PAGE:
Here in the Washington DC area, summer is peak-time for selling and buying a home. If you’re planning to put your home on the market soon, you’re probably thinking about things like how quickly it will sell and how much you’ll get for it. But don’t forget to consider the tax consequences.
Home sale gain exclusion The U.S. House of Representatives’ original version of the Tax Cuts and Jobs Act included a provision tightening the rules for the home sale gain exclusion. Fortunately, that provision didn’t make it into the last version that was signed into law. As a result, if you’re selling your principal residence, there’s still a good chance you’ll be able to exclude up to $250,000 ($500,000 for joint filers) of gain. Gain that qualifies for exclusion also is excluded from the 3.8% net investment income tax.
To qualify for the exclusion, you must meet certain tests. For example, you generally must own and use the home as your principal residence for at least two years during the five-year period preceding the sale. (Gain allocable to a period of “nonqualified” use generally isn’t excludable.) In addition, you can’t use the exclusion more than once every two years.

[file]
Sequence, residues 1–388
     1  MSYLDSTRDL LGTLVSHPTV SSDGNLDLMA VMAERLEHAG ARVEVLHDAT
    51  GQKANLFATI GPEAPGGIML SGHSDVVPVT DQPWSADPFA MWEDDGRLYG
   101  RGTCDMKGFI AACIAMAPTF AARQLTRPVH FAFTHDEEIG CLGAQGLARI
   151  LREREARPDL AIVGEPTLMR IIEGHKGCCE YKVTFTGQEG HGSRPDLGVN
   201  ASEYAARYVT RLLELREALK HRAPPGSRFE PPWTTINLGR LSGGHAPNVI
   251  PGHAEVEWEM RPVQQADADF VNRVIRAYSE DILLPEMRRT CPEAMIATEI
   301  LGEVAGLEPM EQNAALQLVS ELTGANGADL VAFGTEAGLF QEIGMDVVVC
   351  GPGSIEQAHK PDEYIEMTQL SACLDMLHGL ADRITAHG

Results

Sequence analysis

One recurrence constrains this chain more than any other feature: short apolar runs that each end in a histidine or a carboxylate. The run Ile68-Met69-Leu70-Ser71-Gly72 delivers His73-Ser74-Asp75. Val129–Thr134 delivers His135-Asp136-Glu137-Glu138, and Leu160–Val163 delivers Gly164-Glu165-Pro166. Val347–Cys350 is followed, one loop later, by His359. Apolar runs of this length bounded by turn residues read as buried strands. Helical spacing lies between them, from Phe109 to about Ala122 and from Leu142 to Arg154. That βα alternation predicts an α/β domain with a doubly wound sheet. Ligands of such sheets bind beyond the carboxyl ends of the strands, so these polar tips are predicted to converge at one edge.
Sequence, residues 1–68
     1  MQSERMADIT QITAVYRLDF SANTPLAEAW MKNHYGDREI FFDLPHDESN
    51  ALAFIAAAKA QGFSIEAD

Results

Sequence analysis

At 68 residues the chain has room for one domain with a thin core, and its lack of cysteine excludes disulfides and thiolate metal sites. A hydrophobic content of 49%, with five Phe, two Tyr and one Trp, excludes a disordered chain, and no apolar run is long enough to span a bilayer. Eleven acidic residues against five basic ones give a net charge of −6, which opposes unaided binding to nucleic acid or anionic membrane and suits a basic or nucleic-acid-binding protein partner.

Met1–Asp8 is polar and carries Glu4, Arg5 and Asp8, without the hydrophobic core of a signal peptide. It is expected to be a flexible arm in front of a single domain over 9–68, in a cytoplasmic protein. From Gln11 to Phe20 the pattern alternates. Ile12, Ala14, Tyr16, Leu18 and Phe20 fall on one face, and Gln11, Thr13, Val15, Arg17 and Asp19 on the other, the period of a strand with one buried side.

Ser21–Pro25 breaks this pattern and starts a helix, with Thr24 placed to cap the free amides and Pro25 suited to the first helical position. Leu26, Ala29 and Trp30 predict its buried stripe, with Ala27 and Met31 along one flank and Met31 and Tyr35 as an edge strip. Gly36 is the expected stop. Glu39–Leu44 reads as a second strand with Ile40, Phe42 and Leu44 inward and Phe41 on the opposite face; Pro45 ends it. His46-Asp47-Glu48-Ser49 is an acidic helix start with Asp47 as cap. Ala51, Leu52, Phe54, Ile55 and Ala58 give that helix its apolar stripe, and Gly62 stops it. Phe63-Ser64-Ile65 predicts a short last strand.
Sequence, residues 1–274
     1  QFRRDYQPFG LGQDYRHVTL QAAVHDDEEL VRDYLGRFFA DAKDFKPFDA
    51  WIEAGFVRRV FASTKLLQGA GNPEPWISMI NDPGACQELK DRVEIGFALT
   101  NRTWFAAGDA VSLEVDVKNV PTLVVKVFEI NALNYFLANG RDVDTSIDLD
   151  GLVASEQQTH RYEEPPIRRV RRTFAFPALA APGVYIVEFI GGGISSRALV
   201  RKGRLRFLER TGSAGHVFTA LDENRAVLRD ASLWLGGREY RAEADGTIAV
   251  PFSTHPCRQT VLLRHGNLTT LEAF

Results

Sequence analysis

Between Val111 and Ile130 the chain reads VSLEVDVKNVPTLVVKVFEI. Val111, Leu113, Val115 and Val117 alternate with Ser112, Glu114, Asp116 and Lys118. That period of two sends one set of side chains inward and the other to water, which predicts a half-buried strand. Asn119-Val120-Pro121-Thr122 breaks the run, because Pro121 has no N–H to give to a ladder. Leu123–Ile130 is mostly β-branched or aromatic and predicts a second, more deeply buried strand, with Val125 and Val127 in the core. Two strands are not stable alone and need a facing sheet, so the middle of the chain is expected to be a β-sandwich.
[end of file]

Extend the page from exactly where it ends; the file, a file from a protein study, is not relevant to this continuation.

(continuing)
More tax considerations. Any gain that doesn’t qualify for the exclusion generally will be taxed at your long-term capital gains rate, if you owned the home for at least a year. If you didn’t, the gain will be considered short-term and subject to your ordinary-income rate, which could be more than double your long-term rate.
Tax Basis. Basis is money, which has already been taxed. To support an accurate tax basis, be sure to maintain thorough records, including information on your original cost and subsequent improvements, reduced by any casualty losses and depreciation claimed based on business use.
Losses on the sale of the home. A loss on the sale of your principal residence generally isn’t deductible. But if part of your home is rented out or used exclusively for your business, the loss attributable to that portion may be deductible.
Second homes: If you’re selling a home, which you did not live in as a primary home for two years of the last five years, be aware that it won’t be eligible for the gain exclusion. But if it qualifies as a rental property, it can be considered a production of income asset, and you may be able to defer tax on any gains through an installment sale or a Section 1031 exchange. Or you may be able to deduct a loss, where losses may have built up over time.
Your home is likely one of your biggest investments, so it’s important to consider the tax consequences before selling it. If you’re planning to put your home on the market, we can help you assess the potential tax impact. Contact us to learn more: email@example.com